things. If I had met her at 30 I would’ve been like, “Oh she’s a
keeper.” I mean she was a keeper back then, too, but it’s different now
in my adult life. So, things went sour and I moved out after a couple
of months and that was it. We hadn’t talked for a long time and she
dated Veronica and I was totally against that. Jealous, maybe, in some
ways — I mean, Veronica is a good-looking girl — so jealous in some
ways. Mad because I didn’t understand it and felt that Rachel was
changing as a person in so many ways and she wasn’t the person that I
knew and that I loved. And it was very interesting. So one day, I paid
her back the $500 that I owed her, and really that was what we weren’t
talking about for a million years. (Laughs) So we made up, we were
cool, we’d hang out. And then she started dating her girlfriend now,
who she’s been with for over three years, and they’re happy as a clam,
I couldn’t be happier for her. I love her girlfriend.
But I think all I ever wanted from her — and you can see it on The Duel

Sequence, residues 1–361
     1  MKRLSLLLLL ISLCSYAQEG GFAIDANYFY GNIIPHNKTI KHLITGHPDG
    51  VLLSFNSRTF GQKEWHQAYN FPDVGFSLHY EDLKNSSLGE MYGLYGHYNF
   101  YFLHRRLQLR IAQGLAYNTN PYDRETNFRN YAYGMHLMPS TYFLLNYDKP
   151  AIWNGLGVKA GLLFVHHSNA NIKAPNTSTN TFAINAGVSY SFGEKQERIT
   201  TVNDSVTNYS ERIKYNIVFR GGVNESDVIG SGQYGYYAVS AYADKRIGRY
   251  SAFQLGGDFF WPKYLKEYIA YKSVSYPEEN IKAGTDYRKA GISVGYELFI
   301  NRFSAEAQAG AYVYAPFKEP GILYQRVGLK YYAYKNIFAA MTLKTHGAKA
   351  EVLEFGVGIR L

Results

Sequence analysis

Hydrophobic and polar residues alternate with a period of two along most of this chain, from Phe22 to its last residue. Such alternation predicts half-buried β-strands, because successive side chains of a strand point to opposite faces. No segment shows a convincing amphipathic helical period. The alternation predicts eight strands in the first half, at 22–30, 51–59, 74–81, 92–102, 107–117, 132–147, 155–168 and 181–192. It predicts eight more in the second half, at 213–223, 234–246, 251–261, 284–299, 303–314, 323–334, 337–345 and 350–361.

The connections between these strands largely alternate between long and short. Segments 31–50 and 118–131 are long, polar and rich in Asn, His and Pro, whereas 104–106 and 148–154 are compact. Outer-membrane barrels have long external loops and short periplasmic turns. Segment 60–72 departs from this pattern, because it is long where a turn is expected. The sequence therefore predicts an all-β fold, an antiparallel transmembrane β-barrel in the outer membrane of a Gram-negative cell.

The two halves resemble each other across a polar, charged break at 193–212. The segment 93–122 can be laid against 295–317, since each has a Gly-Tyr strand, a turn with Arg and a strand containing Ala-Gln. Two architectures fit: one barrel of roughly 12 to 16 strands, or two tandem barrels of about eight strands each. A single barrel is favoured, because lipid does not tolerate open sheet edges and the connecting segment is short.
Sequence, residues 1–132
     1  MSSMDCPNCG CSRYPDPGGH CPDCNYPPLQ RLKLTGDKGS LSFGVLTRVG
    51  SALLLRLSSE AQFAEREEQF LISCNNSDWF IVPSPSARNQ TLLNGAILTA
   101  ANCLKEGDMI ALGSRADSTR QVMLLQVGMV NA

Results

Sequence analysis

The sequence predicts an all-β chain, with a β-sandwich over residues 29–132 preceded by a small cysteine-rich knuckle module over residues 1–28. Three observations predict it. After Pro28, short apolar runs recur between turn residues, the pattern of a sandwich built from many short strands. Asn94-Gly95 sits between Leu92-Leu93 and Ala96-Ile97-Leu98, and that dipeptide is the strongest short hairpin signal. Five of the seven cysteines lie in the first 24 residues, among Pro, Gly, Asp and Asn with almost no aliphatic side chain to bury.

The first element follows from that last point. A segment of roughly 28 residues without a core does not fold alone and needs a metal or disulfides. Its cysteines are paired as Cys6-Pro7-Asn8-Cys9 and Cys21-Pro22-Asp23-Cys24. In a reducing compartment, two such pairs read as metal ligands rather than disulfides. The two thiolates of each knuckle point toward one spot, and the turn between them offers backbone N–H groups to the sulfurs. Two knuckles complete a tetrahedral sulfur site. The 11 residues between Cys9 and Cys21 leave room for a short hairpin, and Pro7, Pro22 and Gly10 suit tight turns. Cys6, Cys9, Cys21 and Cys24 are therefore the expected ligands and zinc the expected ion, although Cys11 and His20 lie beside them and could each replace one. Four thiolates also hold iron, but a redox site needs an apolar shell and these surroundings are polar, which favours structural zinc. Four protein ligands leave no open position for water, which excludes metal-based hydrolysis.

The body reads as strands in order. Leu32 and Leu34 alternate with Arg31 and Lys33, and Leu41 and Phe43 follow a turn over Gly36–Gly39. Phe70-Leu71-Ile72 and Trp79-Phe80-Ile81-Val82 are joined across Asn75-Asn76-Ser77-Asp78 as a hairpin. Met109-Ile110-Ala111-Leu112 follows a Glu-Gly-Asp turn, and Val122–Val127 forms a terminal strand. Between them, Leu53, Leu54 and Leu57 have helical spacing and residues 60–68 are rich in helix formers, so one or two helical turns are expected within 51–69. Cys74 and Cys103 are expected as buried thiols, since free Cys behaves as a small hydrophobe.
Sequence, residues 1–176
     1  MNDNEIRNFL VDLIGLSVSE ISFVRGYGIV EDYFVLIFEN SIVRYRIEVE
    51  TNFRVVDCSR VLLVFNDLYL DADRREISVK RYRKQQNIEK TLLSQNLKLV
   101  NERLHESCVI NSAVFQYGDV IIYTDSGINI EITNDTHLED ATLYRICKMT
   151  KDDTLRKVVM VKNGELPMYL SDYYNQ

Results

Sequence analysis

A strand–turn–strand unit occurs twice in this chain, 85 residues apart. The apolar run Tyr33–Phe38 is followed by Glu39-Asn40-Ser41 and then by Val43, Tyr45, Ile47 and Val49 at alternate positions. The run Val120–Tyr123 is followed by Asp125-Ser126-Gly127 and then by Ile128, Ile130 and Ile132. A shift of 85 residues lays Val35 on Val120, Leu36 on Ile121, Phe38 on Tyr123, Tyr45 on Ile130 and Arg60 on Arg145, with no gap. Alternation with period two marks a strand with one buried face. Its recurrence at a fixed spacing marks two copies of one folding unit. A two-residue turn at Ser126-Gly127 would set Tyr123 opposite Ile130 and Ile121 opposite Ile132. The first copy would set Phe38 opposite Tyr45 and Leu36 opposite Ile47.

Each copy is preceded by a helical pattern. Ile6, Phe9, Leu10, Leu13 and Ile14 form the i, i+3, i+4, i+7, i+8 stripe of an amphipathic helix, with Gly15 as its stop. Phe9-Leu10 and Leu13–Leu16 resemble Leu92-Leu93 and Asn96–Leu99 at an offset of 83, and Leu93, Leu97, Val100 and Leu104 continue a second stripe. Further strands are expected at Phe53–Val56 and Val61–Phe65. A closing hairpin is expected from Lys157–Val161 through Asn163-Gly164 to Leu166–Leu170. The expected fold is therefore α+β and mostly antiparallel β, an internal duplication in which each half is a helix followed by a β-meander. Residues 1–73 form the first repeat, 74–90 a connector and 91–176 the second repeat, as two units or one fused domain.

2 because her and I were intimate and she had said some things
to me like, “I love you, don’t hurt me this time,” and it kind of led
me on to make me feel like maybe there was something, until I had to
hear from other people that she had hooked up with someone else. And it
was kind of a respect thing. So of course editors cut things to make it
seem like I’m the crazy ex-girlfriend. No, I am, number one, one of her
best friends and number two, I was intimate with her and number three,
she went ahead and had sex with someone else. And I wouldn’t care if we
didn’t live in the same house but you sleep on the bed above me.
felt disrespected. And it was a hard pill to swallow seeing that and
watching her sit back and let other people bash me. But I forgave her.
So now, our relationship is really great. Don’t get me wrong, I still
think about how she swept me under the rug for a long time. And I think
it’s because she does care what other people think on a TV level.
Outside of this, she doesn’t give a s–t.
AE: I feel like it’s got to be hard to
even try to have a relationship with anybody if any part of it is on
camera and you’re put in situations that would never happen in real
everyday life. So how do you go about navigating something like that?
Is there a point when you have to say to each other, look, whatever is
on TV is on TV and everything else is completely separate?